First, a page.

Anne and Carl Deane are travel experts and online bloggers. In the following article, Anne and Carl Deane explain the “Golden Age” of travel, and why the decades from the 1950s to the 1970s were the most interesting times in air travel history.
Many people firmly believe flying in an airplane is the worst form of transportation available today – with tiny seats, excessive fees, lost luggage and lackluster food; it’s enough to make anyone want to scream. However, what many folks might not know is that airplane travel used to be a considered a luxury to those who could afford it, and was a commonly sought after career opportunity.
Why the “Golden Age” was so Golden
The Golden Age of travel was when airplane voyages were considered a glamorous luxury. It entailed several different opportunities that are no longer available in modern-day flying. Many former flight crews and passengers recall this time period of travel as a “high-class, polite cocktail party among the clouds”.
Passengers have been conditioned to have low expectations when it comes to food options on modern day flights. Peanuts, pretzels, and cookies are commonplace, while those who are willing to shell out a few bucks may get a more “substantial” meal.
Anne and Carl Deane report that during the Golden Age of travel, guests would be more likely to see four or five course meals that included pineapples studded with shrimp, charcuterie boards, caviar served from ice sculptures, and meals such as chicken pot pie or roast beef. Champagne was often served as well, and many airlines had full-service bars and dining rooms on board.
Forget rude flight attendants! Flying during the Golden Age meant that passengers were given the royal treatment. Anne and Carl Deane explain that the flight crews from these popular airlines (Pan Am and Delta, specifically) were often expected to hang around and chat with passengers post-flight at their destination. Comradery and social activity was part of the travel experience. Grabbing a drink with the flight crew was very commonplace, as well as interaction with the crew during the flight itself.
During mealtimes, flight attendants were essentially on-board hostesses and waitresses. They set down tablecloths and were expected to wait on passengers, such as refilling their drinks and bringing extra food if requested.
Dress to Impress
Anne and Carl Deane explain that, because flying was considered to be such a high-class luxury, the majority of passengers dressed to the nines for their flight. This meant gloves and dress suits or hats for women, suits, and ties for men. Buying an airplane ticket was also quite expensive, so only middle- and upper-class individuals could ever really afford it. Dressing up was more of a standard back then.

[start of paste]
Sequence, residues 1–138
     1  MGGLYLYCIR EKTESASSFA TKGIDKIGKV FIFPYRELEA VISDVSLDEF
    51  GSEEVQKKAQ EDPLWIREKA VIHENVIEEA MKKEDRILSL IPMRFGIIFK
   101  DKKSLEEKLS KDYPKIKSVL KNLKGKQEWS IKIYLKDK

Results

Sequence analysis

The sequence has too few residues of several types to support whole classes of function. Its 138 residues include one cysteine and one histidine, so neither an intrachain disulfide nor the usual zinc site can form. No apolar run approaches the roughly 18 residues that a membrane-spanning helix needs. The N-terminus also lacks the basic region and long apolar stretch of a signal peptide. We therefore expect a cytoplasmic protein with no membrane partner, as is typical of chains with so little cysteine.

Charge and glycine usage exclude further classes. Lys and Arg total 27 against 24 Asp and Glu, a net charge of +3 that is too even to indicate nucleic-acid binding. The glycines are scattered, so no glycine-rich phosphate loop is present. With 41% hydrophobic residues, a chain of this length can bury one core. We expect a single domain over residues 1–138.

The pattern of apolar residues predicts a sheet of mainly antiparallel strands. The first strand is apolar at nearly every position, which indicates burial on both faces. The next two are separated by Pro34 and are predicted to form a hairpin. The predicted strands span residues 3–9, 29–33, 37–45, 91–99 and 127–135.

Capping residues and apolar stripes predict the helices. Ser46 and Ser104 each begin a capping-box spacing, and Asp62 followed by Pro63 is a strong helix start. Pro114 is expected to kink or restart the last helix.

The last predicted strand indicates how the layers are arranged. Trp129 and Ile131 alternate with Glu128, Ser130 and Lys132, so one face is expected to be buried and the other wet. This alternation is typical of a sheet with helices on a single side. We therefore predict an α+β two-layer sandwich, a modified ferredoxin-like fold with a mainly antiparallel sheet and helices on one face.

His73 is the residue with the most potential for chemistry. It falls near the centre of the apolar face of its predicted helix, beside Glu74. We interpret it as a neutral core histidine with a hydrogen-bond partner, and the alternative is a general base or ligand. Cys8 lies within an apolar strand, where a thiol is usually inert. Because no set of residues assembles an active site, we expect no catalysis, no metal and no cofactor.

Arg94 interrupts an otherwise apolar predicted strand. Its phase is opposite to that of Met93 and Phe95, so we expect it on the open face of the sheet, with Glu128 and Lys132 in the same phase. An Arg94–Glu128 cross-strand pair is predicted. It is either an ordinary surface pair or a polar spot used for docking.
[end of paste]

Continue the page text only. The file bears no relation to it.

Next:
These two decades were also a time when only women could be flight attendants. This played largely into the gender roles of the time – the role of women, especially in the 1950s, was primarily that of caretakers. However, a flight crew career provided women with a chance to see the world when they likely wouldn’t have otherwise had that chance.
Lots of Space
Anne and Carl Deane say that there have been several instances in recent headlines where passengers got into fights because of lack of space, another guest impeding on space, or crossing that invisible line of personal space. The battle for the most legroom often comes down to who is willing to pay more for a first-class ticket. In the Golden Age, though, space was never an issue.
Anne and Carl Deane explain that airplanes had wide lanes and there were often areas built inside of the cabin that acted as lounge or smoking areas. There were no overhead bins because airlines allowed people to check in their luggage for free. Can you imagine not having to pay to bring along luggage!?!
Can these Golden Age Standards Survive in Today’s Culture
While the Golden Age of flying sounds ideal, was it really that great? Does it make sense to be nostalgic about this time in airline history?
Old Fashioned Views
Anne and Carl Deane explain that, while anyone can work as a flight attendant today, during the Golden Age, only women could fill that role. Specifically, there was a certain “look” that women who applied for the position needed to have, such as being attractive, polite, and having a slim build.
The crew uniforms were usually short and skirted, often being tighter to show off a woman’s curves. Makeup was a requirement. Given modern standards and people now standing up more against sexism and sexual harassment, this aspect of this time period would not go over well today, nor be considered “politically correct”.
Anne and Carl Deane report that all airlines prohibit smoking now, but back in the mid-20th century, smoking was commonplace and allowed virtually everywhere, including on airplanes. Health experts now know about the hazards that smoking and secondhand smoke cause.
Anne and Carl Deane explain that flying during this 20+ year period was a luxury and also very expensive. The fact that more people of socio-economic backgrounds can hop on a flight opens up the benefits of travel to more of society.
The Golden Age, while seemingly great on paper, seems to have had a lot of barriers to entry. The majority of those who could afford air travel were usually of upper-class status. Despite the many downsides of flying in the present day, it’s become a far more widely available means of travel, where more people of various socio-economic backgrounds can afford to do so. Flight crews now include both women and men, women can pilot the plane, and men can serve as flight attendants.